Document Type: Original Article
Department of Exercise physiology, Marvdasht branch, Islamic Azad University, Marvdasht, Iran
Introduction: Primary dysmenorrhea is defined as difficulty in menstrual flow in the absence of any pelvic pathology. It is the most common gynaecological problem among adolescent females. The effects of resistance training (RT) on primary dysmenorrhea are not well known. The aim of the present study was to examine the effects of RT on primary dysmenorrhea in young girls.
Material & Methods: The present quasi experimental study included 20 girls of age 20-23 years with primary dysmenorrheal were selected from Marvdasht branch, Islamic Azad University. The subjects were randomly divided into experimental group (n=10) or control group (n=10). The RT program was composed of exercises for different body segments (trunk, upper and lower limbs) that were performed with 10-12 maximal repetitions at 30-65% of 1-RM. The RT consisted of 50-60 min of circuit weight training per day, 3 days a week, for 8 weeks. Moo’s Menstrual Distress Questionnaire was used to evaluate psychological and physical symptoms of dysmenorrheal. Estrogen and progesterone levels and psychological and physical symptoms of dysmenorrhea were measured before and after the intervention. Paired sample t-test and independent sample t-test were used to compute changes in the variables before and after the intervention.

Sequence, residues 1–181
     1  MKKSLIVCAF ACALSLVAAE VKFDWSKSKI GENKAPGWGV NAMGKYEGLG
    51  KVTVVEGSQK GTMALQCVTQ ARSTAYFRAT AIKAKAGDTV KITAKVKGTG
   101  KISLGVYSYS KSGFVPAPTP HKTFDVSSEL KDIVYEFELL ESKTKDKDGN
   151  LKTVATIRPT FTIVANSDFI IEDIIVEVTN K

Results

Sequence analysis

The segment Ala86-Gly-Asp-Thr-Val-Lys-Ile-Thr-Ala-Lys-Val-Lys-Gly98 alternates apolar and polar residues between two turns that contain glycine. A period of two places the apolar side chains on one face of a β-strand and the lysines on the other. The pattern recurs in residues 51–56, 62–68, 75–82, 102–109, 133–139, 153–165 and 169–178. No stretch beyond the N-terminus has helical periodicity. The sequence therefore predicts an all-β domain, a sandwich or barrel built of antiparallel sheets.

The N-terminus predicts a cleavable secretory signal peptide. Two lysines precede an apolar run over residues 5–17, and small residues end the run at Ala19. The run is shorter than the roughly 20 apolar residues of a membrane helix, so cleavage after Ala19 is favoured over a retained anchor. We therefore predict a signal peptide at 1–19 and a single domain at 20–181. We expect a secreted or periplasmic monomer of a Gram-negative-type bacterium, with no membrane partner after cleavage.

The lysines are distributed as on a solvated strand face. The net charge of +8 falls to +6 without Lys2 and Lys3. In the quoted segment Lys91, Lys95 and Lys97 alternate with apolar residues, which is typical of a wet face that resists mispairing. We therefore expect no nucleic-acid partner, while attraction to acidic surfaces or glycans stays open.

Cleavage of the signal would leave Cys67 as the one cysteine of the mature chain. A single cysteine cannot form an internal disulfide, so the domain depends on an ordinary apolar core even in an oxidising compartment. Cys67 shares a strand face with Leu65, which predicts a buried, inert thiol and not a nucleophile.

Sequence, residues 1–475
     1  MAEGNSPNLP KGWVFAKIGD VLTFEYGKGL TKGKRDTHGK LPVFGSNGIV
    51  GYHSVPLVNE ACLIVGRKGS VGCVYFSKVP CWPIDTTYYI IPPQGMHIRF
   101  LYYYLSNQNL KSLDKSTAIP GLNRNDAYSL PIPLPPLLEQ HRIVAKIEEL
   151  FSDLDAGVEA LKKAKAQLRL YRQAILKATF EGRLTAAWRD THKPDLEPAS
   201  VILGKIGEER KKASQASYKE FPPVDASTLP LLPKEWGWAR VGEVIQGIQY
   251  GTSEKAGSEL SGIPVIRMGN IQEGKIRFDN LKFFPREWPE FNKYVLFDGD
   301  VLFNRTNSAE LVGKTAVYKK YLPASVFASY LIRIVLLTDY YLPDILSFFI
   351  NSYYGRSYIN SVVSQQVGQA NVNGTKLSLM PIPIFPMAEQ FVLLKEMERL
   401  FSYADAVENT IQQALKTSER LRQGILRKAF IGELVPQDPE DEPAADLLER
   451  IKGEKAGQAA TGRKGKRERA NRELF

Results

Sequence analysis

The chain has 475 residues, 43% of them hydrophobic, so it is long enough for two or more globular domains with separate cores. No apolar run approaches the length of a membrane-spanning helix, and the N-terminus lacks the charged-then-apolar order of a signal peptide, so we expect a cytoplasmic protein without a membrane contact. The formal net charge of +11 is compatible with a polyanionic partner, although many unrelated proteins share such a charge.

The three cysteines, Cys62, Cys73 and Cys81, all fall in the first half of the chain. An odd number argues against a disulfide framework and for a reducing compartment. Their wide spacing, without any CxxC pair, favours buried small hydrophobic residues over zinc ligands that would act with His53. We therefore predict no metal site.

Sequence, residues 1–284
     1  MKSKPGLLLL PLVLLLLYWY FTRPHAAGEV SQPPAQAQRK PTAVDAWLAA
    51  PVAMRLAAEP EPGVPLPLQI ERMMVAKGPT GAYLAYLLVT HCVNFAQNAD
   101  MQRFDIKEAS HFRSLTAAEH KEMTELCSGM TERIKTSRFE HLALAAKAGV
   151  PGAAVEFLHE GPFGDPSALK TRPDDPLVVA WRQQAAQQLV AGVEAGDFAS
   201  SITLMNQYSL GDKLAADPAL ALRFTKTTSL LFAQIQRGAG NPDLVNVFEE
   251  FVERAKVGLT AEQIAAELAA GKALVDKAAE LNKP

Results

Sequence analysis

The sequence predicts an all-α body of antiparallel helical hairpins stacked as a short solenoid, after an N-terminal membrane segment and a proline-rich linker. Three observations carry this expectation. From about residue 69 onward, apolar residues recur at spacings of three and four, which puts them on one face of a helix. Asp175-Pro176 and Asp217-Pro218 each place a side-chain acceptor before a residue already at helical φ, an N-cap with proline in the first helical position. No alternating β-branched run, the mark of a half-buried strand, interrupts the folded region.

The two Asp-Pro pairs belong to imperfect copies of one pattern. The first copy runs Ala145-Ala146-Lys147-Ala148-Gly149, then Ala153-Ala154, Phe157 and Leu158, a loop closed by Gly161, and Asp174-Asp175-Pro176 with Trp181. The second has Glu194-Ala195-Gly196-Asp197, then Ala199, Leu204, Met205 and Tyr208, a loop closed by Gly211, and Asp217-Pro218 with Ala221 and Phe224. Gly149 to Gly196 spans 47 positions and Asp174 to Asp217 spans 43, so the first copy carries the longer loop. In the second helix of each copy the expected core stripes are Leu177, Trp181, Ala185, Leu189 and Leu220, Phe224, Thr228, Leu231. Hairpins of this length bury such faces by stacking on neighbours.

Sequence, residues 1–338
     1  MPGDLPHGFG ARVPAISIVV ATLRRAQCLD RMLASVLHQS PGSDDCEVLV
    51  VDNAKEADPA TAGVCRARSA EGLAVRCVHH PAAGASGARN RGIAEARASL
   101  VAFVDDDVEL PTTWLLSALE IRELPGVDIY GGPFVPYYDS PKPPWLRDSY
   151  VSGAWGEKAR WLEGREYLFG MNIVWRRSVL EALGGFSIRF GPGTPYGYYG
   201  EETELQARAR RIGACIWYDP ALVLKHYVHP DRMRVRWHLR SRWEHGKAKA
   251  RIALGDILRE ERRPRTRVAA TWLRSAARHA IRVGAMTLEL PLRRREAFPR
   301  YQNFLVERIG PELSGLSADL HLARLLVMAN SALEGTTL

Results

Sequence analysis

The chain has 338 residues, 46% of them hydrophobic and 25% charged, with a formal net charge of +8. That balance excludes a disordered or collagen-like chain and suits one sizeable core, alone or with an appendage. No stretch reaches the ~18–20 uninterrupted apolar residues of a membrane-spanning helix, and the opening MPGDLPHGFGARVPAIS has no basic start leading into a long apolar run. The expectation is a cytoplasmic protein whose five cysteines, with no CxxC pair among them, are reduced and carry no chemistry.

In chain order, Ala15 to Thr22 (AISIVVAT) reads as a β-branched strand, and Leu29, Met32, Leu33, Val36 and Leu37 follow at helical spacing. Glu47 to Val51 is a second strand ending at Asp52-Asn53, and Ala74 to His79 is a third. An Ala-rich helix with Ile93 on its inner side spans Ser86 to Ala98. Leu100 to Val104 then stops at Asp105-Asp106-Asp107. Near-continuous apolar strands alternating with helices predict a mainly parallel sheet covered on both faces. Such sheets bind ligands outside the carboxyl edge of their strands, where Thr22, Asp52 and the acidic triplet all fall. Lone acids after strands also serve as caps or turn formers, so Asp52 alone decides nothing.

Results: Physical premenstrual symptoms were significantly reduced (11.0 ± 5.1 vs. 6.6 ± 3.9; P = 0.001) while estrogen (6.0 ± 4.6 vs. 8.2 ± 5.7 ng/ml; P = 0.012) and progesterone levels (6.6 ± 2.8 vs. 8.0 ± 5.2 ng/ml; P = 0.017) were significantly increased after the intervention compare to the control group. For psychological premenstrual symptoms (10.4 ± 6.4 vs. 10.4 ± 5.1; P = 0.13) no significant changes were observed in response to 8 weeks of RT.
Conclusions: Primary dysmenorrhea is a common complaint among young women. RT seems to be a practical method for reducing primary dysmenorrhea.